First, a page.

Seattle Arts & Lectures (SAL) announced Oct. 21 that its interim executive director, Rebecca Hoogs, will retain the position in a permanent capacity. Hoogs has worked with SAL for 17 years, including as a writer in residence and director of public education programs. Hoogs, a graduate of the University of Washington’s Master of Fine Arts program in creative writing, is a published poet and a teacher, adding to the many hats she’s worn during her SAL tenure. We spoke to Hoogs about her history with SAL, continuing to work with youth, increased accessibility and equity within the organization and more.

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This conversation has been edited for length.

You’ve been serving as interim executive director at SAL since Ruth Dickey was tapped to head the National Book Foundation. How did you get involved with SAL, and what’s it been like to fill that role?

I have been a staff person at SAL for 17 years. Before I was a staff person, I was a writer in residence with the WITS [Writers in the Schools] program when I was getting my MFA in poetry at the University of Washington. That was 20 years ago. … I’ve had three acts at SAL. The first act was that I ran the WITS program. I oversaw all of our education programs for the first eight years. The second eight years, I worked with our previous executive director, Ruth Dickey, and I ran our public program — I curated our programs, hosted programs and also worked on our communications, our marketing, our outreach and the storytelling of the organization. So over the last eight years, I’ve really been focused on the public event side of the organization. Then, last February, the board asked me to step into the interim role because I had been lockstep with Ruth for so many years. Especially, during such a tumultuous time, to have a lot of internal consistency made sense. I was so delighted that the board chose to invite me to stay on in the permanent capacity.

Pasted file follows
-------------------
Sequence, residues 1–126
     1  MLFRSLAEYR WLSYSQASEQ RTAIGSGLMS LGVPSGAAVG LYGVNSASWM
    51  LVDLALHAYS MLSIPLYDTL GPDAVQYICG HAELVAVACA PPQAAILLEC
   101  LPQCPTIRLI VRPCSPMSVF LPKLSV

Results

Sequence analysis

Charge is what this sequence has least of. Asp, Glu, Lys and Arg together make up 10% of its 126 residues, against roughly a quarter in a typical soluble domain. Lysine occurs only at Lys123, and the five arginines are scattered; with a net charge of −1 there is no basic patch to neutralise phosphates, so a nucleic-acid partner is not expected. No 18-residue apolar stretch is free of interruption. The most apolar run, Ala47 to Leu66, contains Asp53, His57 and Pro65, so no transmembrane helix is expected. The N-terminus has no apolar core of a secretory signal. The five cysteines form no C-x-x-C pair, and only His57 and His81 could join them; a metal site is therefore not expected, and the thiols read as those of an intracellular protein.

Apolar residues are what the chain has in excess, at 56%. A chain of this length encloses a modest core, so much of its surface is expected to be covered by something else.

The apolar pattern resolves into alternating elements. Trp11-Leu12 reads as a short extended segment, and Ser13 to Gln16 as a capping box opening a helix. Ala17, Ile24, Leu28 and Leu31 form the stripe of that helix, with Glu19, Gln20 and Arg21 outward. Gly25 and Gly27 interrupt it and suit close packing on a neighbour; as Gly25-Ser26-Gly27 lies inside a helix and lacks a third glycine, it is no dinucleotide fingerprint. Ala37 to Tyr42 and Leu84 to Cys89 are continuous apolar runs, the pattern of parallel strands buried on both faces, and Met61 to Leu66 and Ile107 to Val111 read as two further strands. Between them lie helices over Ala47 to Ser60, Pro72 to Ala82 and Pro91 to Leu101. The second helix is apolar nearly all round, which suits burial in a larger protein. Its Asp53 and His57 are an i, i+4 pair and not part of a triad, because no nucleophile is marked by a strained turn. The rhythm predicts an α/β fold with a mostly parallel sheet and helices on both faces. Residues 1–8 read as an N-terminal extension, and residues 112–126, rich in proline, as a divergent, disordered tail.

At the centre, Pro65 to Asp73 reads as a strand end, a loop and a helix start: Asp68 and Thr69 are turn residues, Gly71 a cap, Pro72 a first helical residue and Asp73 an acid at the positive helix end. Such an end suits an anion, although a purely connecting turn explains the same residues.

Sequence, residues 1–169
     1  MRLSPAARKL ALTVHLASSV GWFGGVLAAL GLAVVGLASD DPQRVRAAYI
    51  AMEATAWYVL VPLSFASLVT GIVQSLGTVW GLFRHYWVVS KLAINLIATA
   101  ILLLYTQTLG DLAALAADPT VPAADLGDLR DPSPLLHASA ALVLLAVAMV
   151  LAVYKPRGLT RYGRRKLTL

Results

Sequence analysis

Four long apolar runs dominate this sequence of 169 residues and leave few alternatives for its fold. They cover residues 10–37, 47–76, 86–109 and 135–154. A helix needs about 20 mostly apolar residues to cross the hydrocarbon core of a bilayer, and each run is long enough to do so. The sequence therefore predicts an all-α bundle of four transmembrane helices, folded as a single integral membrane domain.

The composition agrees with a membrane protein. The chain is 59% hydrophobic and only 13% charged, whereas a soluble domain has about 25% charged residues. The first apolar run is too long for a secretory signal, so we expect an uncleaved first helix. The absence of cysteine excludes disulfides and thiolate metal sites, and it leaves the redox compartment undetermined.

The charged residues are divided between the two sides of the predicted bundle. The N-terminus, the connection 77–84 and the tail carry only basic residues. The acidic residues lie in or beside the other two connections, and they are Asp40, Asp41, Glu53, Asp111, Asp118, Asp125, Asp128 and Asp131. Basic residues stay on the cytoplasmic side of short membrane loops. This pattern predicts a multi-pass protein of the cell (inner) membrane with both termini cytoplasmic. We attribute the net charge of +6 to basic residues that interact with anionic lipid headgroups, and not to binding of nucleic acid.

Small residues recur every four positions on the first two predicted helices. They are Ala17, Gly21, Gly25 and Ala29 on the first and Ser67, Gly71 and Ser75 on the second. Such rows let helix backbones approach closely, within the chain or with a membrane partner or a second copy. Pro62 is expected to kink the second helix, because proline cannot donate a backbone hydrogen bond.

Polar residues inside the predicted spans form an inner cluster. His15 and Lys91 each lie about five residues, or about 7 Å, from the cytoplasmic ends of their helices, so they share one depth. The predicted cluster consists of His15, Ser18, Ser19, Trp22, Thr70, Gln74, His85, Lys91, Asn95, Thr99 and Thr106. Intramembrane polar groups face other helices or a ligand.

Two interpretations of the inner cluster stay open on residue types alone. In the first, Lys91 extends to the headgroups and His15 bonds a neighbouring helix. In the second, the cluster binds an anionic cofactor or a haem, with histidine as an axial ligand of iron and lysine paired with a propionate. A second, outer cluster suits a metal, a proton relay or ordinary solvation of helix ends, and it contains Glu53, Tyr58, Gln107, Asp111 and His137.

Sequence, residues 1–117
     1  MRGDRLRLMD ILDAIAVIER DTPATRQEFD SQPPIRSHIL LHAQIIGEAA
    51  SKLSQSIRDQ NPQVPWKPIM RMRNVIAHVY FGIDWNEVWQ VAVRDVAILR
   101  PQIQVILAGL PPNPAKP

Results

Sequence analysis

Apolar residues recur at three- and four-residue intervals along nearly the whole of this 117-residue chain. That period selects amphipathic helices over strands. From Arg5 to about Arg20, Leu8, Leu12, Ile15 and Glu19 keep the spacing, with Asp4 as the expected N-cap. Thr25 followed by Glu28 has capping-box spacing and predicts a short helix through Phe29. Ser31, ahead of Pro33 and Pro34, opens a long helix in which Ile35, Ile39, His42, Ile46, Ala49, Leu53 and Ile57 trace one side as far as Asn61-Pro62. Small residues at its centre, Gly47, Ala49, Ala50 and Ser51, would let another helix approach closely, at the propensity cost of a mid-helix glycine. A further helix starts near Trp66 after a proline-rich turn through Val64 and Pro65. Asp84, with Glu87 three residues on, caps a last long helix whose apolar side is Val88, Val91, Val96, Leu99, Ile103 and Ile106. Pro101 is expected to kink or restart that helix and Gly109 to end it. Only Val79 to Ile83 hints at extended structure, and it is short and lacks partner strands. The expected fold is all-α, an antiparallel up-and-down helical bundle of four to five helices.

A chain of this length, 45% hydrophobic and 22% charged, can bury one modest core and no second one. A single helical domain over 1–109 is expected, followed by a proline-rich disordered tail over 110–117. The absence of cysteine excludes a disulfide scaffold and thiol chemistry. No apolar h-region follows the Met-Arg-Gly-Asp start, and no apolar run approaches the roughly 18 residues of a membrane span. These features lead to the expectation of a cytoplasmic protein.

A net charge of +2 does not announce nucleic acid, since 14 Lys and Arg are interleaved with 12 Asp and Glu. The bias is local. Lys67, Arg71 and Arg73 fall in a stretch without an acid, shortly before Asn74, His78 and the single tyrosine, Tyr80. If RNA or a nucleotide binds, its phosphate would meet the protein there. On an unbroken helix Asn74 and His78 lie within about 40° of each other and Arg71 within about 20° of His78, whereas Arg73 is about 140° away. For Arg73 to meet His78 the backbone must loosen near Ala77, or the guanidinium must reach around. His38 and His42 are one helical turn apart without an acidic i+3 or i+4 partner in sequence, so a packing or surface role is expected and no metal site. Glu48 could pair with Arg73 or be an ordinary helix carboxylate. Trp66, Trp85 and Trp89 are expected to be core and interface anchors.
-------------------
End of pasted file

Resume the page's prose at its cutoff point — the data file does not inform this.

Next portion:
What is your vision for continuing the work of the WITS and Youth Poet Laureate program, and generally engaging with youth in the schools?

It’s a program that’s near and dear to my heart as a writer and as a teacher. Our vision is to make sure that we are serving schools in areas which have traditionally not received as many resources or [systemic] support. We are really focused on schools where the free and reduced lunch program is 50% or higher, in Title I schools. So we are focusing on serving those schools with the greatest need. Because of systems of oppression, those are schools where Black and brown students are a big part of the population. So, that is where the focus of our program is, and the focus of our future is, and where we’re really putting a lot of effort. This year we’re serving 23 schools, and that’s a little bit lower than pre-pandemic. We’re just meeting schools where they are right now. So, we are excited to get back up to 30 schools, which is where we were pre-pandemic, and then hopefully keep growing. We know there’s a lot of schools that would like to work with WITS and a lot of schools that we would like to be serving.

What other current SAL programs and partnerships are you most excited about working on or expanding, and what ideas do you have around programming and partnerships?